This section gives a detailed description of the program initialization and startup. Two important concepts related to execution, calling objects and raising exceptions, are briefly described. Other topics related to program execution are described later in sections Statements and Expressions.
At the start of the program execution, all modules (including the main module) will be initialized. During module initialization:
- All global variable and constant definitions with initializers, and any statements in the module are evaluated.
- Initializers and statements in a single file will be evaluated in the
order they appear
in the file, from the start of the file to the end.
If a module contains multiple files, these files will be initialized in an
Note: It may therefore be helpful to collect all initialized global variable and constant definitions in a module to a single source file to avoid problems with different evaluation orders.
- After the initialization is complete, the Main function of the module is called, if it is defined. The Main function is not generally given any arguments.
As an exception, the Main function of the main module may take a single argument that will receive the command line arguments given to the program as an array of strings. The Main function is always optional.
A module x depends on module y if
- module x imports module y, or
- any module imported by module x depends on module y.
This definition is used in the next section.
The order of module initialization is not fully specified, but it must follow these constraints:
- If module x depends on module y but module y does not depend on module x, module y will be initialized before module x.
- Initialization of multiple modules cannot be interleaved, i.e. a single module must first be fully initialized before another module can be initialized.
In practice, these rules mean that all imported modules will be initialized before the module that imports them, unless there are circular dependency chains. The main module will be initialized last (and thus the Main function of the main source file will be run last after all modules have been initialized).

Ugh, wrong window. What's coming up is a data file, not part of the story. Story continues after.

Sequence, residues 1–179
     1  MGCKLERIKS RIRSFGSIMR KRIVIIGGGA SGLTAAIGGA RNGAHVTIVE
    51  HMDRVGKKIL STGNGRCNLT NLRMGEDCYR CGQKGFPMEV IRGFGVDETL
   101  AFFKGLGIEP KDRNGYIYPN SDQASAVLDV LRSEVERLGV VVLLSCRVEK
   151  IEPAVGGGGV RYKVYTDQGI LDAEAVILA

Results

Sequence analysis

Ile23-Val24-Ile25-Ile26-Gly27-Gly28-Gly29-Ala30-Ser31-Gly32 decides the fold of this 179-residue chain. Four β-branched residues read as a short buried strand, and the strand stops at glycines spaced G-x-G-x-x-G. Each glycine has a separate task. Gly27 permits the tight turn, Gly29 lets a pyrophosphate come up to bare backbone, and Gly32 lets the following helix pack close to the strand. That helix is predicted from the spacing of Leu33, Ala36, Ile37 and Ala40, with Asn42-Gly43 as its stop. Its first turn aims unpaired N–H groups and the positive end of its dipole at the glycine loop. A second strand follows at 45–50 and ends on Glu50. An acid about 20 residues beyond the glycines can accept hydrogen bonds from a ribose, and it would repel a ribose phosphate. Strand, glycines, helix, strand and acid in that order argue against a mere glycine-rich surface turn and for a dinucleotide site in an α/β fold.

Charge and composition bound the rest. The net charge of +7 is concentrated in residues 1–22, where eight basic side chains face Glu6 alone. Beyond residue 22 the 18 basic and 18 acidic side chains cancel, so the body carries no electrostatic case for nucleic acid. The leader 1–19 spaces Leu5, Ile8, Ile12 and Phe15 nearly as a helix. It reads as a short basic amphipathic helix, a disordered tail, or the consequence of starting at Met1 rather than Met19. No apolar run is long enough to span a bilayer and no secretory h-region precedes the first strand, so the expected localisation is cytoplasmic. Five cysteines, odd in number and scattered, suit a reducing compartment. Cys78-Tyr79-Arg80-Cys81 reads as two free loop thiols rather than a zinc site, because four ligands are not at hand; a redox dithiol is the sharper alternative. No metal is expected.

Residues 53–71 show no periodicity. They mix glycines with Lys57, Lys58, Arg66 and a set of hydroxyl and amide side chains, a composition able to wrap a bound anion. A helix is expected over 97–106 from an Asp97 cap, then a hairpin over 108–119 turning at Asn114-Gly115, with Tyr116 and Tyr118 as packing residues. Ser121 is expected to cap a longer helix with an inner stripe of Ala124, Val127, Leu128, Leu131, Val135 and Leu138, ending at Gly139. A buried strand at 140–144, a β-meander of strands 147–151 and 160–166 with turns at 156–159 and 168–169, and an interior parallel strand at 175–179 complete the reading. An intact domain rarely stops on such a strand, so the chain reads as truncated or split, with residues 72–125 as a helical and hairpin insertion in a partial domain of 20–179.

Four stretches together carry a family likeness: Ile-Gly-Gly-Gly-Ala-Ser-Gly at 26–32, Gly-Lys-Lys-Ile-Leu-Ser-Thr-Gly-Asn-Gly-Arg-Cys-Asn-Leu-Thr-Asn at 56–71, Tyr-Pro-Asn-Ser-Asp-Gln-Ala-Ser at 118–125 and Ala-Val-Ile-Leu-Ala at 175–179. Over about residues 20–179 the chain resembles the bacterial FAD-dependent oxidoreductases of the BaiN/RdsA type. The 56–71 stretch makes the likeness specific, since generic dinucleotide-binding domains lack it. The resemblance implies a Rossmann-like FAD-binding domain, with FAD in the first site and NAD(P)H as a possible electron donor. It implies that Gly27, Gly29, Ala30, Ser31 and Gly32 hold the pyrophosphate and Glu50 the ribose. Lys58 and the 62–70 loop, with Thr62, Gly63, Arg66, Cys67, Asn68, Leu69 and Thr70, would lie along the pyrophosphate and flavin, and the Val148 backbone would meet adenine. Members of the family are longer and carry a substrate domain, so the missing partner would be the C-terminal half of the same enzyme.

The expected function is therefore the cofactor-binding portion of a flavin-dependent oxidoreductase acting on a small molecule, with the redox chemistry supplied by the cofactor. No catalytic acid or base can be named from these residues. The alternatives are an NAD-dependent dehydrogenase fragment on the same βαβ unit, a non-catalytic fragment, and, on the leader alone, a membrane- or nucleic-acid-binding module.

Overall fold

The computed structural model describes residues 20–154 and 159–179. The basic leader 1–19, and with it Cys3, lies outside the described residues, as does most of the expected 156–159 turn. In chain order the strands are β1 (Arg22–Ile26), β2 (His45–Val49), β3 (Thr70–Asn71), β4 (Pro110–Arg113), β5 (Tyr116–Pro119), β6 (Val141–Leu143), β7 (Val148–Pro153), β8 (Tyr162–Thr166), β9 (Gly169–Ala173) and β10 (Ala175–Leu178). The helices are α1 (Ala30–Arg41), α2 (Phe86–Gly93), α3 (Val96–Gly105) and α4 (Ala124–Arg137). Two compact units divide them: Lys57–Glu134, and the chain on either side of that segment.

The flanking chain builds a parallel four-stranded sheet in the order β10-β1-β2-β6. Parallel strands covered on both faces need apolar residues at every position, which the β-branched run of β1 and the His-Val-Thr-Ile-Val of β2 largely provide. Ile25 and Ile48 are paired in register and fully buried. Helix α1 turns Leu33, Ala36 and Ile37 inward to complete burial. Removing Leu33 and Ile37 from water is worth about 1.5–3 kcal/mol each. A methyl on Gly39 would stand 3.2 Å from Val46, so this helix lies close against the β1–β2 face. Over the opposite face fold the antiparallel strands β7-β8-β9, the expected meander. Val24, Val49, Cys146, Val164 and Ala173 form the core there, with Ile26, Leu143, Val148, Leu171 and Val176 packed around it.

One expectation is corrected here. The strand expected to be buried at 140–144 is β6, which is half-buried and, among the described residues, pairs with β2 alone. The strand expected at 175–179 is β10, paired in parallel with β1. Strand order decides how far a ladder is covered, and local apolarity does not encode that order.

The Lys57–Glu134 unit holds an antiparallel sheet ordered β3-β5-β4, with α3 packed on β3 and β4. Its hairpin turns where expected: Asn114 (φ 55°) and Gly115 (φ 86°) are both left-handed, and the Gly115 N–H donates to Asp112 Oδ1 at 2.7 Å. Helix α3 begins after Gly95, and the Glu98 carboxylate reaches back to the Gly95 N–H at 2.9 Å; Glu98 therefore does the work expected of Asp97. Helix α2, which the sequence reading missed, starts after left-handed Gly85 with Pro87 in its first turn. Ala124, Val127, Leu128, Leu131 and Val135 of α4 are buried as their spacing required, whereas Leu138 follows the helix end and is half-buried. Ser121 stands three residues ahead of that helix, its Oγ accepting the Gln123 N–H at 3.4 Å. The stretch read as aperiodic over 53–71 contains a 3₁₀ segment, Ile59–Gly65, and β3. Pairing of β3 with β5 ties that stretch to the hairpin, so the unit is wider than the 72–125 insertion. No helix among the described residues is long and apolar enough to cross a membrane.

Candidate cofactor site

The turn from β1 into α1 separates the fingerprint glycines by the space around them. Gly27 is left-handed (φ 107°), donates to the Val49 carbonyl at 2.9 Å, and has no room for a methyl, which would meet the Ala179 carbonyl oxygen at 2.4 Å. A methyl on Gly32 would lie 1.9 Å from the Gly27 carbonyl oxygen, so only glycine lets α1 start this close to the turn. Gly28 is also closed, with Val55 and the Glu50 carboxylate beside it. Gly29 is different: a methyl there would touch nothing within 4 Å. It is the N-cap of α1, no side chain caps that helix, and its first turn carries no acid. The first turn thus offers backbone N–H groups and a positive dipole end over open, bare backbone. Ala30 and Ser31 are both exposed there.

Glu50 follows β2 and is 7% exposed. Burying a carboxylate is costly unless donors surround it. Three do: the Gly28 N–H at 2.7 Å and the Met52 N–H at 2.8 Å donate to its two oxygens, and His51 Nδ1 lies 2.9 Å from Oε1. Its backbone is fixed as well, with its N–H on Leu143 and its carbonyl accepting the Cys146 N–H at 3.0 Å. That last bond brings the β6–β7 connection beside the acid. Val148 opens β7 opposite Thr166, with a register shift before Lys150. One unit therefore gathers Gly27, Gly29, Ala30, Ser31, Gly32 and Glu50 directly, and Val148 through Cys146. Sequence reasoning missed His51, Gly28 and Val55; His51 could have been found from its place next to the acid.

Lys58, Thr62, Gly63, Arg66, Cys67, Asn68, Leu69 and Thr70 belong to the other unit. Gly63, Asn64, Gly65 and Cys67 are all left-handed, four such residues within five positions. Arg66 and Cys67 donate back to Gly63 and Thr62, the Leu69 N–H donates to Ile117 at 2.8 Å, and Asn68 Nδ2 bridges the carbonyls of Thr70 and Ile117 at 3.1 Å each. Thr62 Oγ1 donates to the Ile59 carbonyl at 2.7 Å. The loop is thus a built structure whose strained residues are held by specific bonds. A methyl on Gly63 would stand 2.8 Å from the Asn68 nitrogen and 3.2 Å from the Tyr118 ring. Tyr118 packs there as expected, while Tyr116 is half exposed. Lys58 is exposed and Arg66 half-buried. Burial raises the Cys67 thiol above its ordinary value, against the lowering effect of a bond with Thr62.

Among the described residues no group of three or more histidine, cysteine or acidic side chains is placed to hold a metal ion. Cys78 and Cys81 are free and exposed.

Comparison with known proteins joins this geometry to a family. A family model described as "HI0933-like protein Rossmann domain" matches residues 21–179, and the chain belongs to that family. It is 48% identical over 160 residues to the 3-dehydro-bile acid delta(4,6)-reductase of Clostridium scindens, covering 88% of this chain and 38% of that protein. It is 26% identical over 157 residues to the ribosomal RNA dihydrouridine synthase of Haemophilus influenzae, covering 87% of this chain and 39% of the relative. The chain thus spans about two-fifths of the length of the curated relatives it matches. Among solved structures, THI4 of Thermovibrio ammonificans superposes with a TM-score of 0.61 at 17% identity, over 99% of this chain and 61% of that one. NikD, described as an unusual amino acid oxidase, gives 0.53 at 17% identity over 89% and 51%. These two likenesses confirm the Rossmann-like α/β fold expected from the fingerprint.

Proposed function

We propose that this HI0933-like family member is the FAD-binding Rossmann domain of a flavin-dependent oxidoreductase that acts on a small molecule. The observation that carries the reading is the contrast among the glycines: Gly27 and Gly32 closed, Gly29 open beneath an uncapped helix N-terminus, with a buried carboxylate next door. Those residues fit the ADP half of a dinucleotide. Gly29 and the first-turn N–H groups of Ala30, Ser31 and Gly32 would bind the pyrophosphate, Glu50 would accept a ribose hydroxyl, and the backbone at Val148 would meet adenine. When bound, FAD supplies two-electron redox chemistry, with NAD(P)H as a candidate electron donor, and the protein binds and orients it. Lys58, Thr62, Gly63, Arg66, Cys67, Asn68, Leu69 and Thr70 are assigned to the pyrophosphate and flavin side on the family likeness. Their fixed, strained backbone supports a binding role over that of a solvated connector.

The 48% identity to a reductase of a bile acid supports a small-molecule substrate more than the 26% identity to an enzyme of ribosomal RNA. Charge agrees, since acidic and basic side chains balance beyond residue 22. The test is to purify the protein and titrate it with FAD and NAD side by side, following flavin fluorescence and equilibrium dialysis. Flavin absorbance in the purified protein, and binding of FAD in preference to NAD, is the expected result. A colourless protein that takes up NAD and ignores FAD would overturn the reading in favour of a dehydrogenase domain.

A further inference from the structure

Functions, methods and types may be called implicitly or explicitly. Explicit calls are performed using call expressions. Implicit calls include these:
- calling module Main functions during initialization
- calling methods when evaluating many operators in expressions
- calling a getter method when evaluating a member reference
- calling a setter method when assigning to a member
- calling the _set method when a subscript expression is used as an lvalue in an assignment statement
- calling the create method during object construction
- calling the hasNext and next methods in for loops
- calling type constructors when built-in exceptions such as std::TypeError are raised implicitly during evaluation.
Both implicit and explicit calls are evaluated in the same fashion. The rest of this section only deals with function calls, but the same rules apply to method and type calls.
A function call involves creating a new invocation of the function. The invocation contains instances of any local variables and other state needed during the evaluation of the function. Multiple invocations of the same function can be alive at the same time, and their contents are independent of each other.
Function invocations form a stack: as a function is called, the new invocation is pushed to the top of the stack and the previous function calls remain inactive in the stack below the new invocation and only become active when the new invocation returns or propagates an exception, causing that invocation to be destroyed. The implementation may limit the maximum depth of the call stack.
An invocation may return by finishing the evaluation of the function body or by evaluating a return statement within the body. In the latter case, the invocation may optionally return a value as the result of the function call. The caller may use or discard the return value.
The bottom of the call stack contains a special invocation that is not associated with any defined function. It is used to evaluate the initialization expressions of global variables and constants and to call the Main functions. After all the modules in a program have been initialized, this invocation causes the program execution to end.
As their name implies, exceptions are raised in response to exceptional conditions. They may be raised by many operations in the language. The programmer can also raise them explicitly with the raise statement.
Each exception is associated with an exception object whose type must be std::Exception or its subtype.
When an exception is raised, the evaluation of the current expression or statement is terminated. Any try blocks enclosing the current location in code are consulted, starting from the innermost one and proceeding outwards (see section Try statement for details).
If no try statement in the current function or method catches the exception, it is propagated to the next invocation in the call stack. The exception acts as if it was raised in the call statement that was being evaluated in the function. This process is continued until the exception is caught or until the call stack becomes empty, in which case the program is terminated due to an uncaught exception.